Australia’s financial markets regulator ASIC has more than demonstrated its mettle recently, resulting in its standing as a highly regarded authority internationally.
Today, the regulatory authority has announced that it has pressed criminal charges against New South Wales-based Contracts For Difference (CFD) trader for what ASIC considers to be market manipulation, which resulted in a court case being scheduled at Brisbane Magistrates’ Court for January 24 this year.
The charges were brought against Kristoffer John Watts, a day-trader living in Casuarina, regarding his trading in CFDs with Austpac Resources NL and Smarttrans Holdings Ltd between 22nd of September, 2011 and 27th of March, 2012.
ASIC alleges that between September 22, 2011 and March 27, 2012, Mr. Watts entered into CFD positions in relation to Austpac Resources NL that caused 302 trades of APG shares on the ASX, which had the effect of creating a false or misleading appearance with respect to the price for trading in APG shares.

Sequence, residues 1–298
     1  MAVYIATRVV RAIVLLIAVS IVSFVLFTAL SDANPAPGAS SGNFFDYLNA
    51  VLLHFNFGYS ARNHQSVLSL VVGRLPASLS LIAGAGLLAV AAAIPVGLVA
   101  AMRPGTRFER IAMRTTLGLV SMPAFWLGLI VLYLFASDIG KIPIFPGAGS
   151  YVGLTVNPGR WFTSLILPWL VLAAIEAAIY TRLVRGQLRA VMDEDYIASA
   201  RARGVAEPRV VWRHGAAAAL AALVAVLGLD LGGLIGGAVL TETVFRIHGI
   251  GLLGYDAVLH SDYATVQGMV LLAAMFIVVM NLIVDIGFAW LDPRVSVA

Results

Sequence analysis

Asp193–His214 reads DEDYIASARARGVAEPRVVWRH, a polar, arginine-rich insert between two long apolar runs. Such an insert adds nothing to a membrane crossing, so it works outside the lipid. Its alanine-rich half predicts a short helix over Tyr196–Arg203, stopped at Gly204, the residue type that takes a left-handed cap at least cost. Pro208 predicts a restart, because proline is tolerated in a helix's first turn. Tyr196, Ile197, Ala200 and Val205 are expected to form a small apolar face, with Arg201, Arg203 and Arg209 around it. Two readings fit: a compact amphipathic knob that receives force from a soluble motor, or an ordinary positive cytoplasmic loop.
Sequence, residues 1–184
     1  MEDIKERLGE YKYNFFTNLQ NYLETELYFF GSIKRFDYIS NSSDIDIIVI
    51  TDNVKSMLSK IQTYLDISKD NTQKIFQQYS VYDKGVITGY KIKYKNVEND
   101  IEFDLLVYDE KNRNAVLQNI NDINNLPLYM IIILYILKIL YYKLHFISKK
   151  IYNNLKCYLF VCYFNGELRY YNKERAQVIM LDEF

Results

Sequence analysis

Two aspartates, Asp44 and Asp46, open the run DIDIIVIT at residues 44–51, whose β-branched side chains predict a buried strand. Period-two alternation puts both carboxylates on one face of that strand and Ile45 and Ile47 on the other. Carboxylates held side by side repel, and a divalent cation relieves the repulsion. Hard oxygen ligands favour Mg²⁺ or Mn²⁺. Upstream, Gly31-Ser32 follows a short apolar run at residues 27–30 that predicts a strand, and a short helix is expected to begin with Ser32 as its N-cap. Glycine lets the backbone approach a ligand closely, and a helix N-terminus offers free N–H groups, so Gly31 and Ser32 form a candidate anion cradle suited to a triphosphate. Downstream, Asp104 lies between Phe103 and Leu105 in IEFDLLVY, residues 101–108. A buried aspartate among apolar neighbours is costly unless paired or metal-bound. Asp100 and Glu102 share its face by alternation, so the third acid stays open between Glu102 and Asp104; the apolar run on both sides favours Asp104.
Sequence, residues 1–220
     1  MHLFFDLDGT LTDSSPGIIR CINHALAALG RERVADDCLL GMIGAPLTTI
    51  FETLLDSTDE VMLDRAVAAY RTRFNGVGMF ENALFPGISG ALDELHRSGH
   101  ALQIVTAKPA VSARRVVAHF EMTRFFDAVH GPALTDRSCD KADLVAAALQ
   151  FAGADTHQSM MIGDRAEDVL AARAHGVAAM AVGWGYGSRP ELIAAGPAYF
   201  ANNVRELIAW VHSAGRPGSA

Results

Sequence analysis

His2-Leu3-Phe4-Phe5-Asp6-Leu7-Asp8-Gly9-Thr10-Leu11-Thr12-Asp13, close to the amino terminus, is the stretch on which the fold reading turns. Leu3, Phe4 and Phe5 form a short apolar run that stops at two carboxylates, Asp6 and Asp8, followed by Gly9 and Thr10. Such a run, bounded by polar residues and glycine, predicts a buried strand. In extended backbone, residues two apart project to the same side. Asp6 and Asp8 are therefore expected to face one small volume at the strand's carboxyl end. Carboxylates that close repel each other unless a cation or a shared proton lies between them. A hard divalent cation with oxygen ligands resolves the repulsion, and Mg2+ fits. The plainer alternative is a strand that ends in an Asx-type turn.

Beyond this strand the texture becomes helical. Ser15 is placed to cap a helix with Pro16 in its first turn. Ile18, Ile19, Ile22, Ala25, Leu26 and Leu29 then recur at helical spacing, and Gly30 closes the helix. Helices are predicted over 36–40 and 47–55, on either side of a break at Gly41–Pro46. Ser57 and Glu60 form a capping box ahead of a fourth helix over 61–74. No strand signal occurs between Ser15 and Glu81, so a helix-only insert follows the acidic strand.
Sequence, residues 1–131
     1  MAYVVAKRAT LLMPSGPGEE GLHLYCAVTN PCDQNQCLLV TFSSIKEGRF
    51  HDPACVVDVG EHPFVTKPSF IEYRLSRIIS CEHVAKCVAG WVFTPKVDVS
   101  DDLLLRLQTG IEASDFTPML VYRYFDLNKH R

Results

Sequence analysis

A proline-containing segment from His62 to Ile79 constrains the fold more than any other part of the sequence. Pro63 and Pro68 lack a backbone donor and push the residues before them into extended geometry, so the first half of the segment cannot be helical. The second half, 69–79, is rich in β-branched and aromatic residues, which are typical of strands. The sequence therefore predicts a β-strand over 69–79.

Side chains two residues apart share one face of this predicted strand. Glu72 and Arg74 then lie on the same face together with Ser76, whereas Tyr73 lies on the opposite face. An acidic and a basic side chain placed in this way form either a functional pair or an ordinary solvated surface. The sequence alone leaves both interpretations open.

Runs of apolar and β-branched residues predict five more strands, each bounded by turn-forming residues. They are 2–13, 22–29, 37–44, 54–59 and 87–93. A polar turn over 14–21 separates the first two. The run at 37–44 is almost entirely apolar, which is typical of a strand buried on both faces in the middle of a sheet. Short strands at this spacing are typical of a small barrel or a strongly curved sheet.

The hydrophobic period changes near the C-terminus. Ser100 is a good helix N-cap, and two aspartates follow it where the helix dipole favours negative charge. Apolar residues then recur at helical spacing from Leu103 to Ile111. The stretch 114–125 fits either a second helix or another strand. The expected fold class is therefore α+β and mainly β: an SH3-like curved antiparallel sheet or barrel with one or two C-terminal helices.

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Over the 6 months, ASIC determined that Mr. Watts traded through a direct market access account. Under this model, the CFD issuer hedges its exposure to a client’s trading position by causing an equivalent position to be taken in the underlying security on the ASX.
According to ASIC’s investigation, between September 22, 2011 and October 21, 2011, Mr. Watts entered into CFD positions in relation to Smarttrans Holdings Ltd that caused 82 trades of SMA shares on the ASX, which had the effect of creating a false or misleading appearance with respect to the price for trading in SMA shares.
On January 13, 2012, Mr Watts entered into CFD positions for APG that caused one trade of APG shares on the ASX, which had the effect of creating a false or misleading appearance of active trading in APG shares on the ASX.
During his initial court appearance on January 24, Mr. Watts was required to surrender his passport and accept conditional bail until the next hearing which will be at a date which has not yet been set.
In congruence with section 1 of the Corporations Act 2001, if found guilty, Mr. Watts could be subject to a maximum penalty of $495,000, 10 years imprisonment, or both.